Patterns of Avian Influenza A (H5) and A (H9) virus infection in backyard, commercial broiler and layer chicken farms in Bangladesh

Gupta, S D and Hoque, M A and Fournié, G and Henning, J (2020) Patterns of Avian Influenza A (H5) and A (H9) virus infection in backyard, commercial broiler and layer chicken farms in Bangladesh. Transboundary and Emerging Diseases. ISSN 1865-1674

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Official URL: https://doi.org/10.1111/tbed.13657

Abstract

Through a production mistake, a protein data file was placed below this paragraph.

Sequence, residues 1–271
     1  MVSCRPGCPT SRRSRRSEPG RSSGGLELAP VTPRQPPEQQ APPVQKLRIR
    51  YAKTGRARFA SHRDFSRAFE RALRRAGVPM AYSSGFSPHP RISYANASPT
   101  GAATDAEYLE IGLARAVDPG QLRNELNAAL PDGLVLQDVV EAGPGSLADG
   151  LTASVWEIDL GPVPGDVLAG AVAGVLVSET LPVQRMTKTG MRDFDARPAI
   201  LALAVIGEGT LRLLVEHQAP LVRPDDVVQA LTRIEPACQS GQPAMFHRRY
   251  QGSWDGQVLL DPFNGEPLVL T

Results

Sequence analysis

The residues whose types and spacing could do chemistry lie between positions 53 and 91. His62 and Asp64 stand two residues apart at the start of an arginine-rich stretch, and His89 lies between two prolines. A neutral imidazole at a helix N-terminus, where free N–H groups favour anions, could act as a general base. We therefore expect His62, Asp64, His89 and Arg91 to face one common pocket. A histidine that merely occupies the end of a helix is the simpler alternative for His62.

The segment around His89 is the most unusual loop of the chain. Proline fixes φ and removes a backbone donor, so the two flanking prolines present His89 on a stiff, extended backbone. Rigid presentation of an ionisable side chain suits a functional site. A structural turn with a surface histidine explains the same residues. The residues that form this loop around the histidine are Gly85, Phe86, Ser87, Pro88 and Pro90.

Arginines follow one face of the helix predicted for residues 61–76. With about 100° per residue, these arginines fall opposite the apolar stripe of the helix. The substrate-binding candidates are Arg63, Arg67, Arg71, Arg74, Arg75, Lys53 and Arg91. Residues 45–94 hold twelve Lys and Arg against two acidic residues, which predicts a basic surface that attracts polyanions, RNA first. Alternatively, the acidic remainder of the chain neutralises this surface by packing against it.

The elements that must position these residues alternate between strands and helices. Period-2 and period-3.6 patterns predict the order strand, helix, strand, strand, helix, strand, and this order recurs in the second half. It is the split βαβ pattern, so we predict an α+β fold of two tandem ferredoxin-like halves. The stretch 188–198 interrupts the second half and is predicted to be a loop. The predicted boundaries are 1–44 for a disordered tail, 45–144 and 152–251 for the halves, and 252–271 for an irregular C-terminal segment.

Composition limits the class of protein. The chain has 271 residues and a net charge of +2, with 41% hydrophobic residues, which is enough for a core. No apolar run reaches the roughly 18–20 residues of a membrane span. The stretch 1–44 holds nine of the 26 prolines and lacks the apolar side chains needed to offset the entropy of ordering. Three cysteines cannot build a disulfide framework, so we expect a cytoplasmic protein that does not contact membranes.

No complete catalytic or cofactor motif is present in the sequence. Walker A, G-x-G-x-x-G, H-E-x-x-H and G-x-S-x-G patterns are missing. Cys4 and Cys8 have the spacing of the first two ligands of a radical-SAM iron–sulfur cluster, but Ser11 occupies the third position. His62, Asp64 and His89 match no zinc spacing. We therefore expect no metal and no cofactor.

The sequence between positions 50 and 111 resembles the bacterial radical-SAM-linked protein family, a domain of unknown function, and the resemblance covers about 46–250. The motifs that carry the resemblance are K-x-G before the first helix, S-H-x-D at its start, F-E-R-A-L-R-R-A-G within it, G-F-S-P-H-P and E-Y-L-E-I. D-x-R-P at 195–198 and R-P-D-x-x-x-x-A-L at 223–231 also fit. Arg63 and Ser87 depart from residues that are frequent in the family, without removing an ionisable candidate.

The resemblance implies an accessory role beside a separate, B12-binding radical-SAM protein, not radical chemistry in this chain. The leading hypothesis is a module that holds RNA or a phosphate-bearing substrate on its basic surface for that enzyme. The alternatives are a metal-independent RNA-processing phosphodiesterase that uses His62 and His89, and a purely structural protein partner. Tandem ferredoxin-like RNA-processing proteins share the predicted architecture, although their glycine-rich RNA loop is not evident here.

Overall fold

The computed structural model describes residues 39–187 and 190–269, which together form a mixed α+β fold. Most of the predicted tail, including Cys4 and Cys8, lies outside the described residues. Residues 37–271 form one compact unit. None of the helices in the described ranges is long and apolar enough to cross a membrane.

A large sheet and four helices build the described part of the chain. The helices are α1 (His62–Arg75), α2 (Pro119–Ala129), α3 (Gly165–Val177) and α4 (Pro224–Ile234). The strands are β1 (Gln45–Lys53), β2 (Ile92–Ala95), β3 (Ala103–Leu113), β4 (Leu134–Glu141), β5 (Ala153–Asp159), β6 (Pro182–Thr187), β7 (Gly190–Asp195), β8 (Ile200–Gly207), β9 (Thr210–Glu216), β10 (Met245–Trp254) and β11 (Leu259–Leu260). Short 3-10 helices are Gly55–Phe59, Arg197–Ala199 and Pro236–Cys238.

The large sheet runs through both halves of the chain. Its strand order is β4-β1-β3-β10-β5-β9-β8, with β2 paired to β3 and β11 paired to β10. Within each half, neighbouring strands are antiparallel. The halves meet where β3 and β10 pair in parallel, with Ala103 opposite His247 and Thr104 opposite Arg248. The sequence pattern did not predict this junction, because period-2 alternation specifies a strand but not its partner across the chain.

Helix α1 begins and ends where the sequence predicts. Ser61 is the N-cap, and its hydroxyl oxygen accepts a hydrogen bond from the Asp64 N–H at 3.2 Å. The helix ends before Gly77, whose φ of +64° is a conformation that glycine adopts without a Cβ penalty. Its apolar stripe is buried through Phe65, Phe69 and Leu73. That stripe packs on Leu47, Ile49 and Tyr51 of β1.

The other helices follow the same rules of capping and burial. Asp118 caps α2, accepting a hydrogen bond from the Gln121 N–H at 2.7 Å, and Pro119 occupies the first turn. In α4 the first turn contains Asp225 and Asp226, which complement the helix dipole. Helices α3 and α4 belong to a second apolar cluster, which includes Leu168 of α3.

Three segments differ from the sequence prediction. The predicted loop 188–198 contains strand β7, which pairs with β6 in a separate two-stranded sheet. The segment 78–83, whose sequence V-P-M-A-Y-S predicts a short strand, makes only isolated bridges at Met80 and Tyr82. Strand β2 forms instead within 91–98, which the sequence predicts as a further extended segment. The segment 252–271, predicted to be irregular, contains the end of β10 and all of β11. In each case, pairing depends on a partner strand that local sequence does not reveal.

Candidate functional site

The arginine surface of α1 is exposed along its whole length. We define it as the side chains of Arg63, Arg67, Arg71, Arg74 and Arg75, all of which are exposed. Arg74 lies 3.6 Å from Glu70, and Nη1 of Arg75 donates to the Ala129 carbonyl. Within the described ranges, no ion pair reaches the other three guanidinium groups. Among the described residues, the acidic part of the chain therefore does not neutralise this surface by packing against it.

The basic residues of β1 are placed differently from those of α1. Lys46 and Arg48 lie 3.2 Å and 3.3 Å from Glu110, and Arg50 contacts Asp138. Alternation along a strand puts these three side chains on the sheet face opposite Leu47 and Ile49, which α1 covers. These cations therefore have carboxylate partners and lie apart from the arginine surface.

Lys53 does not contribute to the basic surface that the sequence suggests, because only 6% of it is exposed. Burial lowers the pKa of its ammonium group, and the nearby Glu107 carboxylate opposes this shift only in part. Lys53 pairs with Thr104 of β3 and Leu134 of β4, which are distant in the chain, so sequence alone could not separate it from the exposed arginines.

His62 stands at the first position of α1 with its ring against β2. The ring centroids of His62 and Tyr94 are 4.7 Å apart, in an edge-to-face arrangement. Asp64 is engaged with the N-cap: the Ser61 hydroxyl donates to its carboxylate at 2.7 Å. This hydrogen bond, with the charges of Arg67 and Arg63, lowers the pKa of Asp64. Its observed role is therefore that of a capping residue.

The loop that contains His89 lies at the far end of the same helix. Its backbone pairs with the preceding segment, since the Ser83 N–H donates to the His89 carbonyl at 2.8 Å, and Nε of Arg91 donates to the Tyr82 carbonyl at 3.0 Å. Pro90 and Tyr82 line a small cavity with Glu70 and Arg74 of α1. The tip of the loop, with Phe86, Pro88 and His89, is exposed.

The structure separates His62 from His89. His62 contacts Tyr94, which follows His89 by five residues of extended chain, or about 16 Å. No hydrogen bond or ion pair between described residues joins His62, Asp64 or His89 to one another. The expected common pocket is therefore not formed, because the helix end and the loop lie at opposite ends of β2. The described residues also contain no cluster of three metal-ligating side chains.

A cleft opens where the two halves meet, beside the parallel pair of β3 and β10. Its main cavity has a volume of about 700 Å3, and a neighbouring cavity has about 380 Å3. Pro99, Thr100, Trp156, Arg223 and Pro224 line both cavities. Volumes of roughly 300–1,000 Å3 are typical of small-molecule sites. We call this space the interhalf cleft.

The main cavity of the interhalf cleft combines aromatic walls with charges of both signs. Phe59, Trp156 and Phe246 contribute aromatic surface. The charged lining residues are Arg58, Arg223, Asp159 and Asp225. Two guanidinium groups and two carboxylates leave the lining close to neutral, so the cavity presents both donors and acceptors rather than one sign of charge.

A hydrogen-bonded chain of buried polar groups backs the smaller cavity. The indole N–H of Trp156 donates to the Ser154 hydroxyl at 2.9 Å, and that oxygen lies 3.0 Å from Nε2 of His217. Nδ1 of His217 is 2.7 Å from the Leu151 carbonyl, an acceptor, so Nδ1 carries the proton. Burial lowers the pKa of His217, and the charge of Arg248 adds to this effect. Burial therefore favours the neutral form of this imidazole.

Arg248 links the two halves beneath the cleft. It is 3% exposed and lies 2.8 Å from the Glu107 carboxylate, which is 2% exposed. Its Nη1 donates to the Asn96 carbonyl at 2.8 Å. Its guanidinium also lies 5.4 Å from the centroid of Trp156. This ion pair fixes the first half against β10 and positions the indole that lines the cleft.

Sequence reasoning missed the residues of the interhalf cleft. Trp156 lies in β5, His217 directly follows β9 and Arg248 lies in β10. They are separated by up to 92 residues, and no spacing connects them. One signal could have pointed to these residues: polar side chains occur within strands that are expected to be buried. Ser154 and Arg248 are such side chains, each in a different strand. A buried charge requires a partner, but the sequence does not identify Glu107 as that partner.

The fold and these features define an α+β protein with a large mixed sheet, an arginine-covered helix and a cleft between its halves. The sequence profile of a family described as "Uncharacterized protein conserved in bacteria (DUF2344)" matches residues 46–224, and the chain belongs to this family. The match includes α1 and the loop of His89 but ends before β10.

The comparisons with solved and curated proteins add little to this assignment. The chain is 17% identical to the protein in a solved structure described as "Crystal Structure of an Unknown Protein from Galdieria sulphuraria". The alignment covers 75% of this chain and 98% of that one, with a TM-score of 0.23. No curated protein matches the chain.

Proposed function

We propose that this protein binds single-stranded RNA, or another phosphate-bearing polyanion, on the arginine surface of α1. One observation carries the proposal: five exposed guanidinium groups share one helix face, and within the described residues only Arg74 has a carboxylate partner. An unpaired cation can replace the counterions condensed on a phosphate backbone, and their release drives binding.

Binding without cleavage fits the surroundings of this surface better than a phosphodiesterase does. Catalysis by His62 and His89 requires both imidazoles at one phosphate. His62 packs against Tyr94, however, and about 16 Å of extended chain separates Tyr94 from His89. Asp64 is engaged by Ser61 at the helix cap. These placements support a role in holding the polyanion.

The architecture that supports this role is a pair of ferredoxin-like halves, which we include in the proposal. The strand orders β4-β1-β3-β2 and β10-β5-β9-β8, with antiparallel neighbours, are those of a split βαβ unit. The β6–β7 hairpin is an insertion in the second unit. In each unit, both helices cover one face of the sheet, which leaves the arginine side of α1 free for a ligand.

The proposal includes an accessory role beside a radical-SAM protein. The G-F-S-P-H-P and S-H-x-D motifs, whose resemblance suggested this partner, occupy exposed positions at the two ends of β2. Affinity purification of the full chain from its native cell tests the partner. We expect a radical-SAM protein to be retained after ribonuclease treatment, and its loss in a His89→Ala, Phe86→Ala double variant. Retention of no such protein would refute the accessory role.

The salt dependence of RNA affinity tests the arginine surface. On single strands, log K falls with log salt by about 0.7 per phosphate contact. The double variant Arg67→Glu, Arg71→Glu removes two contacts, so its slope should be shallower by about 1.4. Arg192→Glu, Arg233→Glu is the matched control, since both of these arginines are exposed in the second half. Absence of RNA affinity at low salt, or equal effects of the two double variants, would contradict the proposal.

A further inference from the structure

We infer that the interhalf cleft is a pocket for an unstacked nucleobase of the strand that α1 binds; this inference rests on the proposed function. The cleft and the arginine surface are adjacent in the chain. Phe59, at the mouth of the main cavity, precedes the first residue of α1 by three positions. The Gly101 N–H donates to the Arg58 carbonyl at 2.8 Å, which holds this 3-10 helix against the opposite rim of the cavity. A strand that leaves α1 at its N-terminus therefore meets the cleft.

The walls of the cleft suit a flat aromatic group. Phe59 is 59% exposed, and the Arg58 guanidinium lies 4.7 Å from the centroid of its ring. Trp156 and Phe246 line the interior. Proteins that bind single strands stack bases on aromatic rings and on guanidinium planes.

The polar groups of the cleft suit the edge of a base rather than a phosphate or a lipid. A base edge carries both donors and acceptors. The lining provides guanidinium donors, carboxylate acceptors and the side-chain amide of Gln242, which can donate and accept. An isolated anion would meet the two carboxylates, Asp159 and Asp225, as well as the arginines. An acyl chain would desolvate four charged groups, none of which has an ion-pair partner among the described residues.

In order to control Highly Pathogenic Avian Influenza (HPAI) H5N1 and Low Pathogenic Avian Influenza (LPAI) H9N2 virus spread in endemically infected countries, a detailed understanding of infection patterns is required. We conducted cross‐sectional studies in Bangladesh in 2016 and 2017, on 144 backyard, 106 broiler and 113 layer chicken farms. Although all sampled birds were negative for H5 virus by RT‐PCR, H5 antibodies were detected in unvaccinated birds on all three farming systems. Higher H5 antibody prevalence was observed in ducks raised on backyard farms, 14.2% (95% CI: 10.0%–19.8%), compared to in‐contact backyard chickens, 4.2% (95% CI: 2.8%–6.1%). The H5 antibody prevalence was lower in broiler chickens, 1.5% (95% CI: 0.9%–2.5%), compared to layer chickens, 7.8% (95% CI: 6.1%–9.8%). H9 viruses were detected by RT‐PCR in 0.5% (95% CI: 0.2%–1.3%) and 0.6% (95% CI: 0.3%–1.5%) of broilers and layers, respectively, and in 0.2% (95% CI: 0.0%–1.2%) of backyard chickens. Backyard chickens and ducks showed similar H9 antibody prevalence, 16.0% (95% CI: 13.2%–19.2%) and 15.7% (95% CI: 11.3%–21.4%), which was higher compared to layers, 5.8% (95% CI: 4.3%–7.6%), and broilers, 1.5% (95% CI: 0.9%–2.5%). Over the course of a production cycle, H5 and H9 antibody prevalence increased with the age of backyard and layer chickens. Usually, multiple ducks within a flock were H5 antibody positive, in contrast to backyard chickens, broilers and layers where only individual birds within flocks developed H5 antibodies. Our findings highlight low virus circulation in healthy chickens of all production systems in Bangladesh, which is in contrast to high virus circulation reported from live bird markets. Data generated in this project can be used to adopt risk‐based surveillance approaches in different chicken production systems in Bangladesh and to inform mathematical models exploring HPAI infection dynamics in poultry from the source of production.

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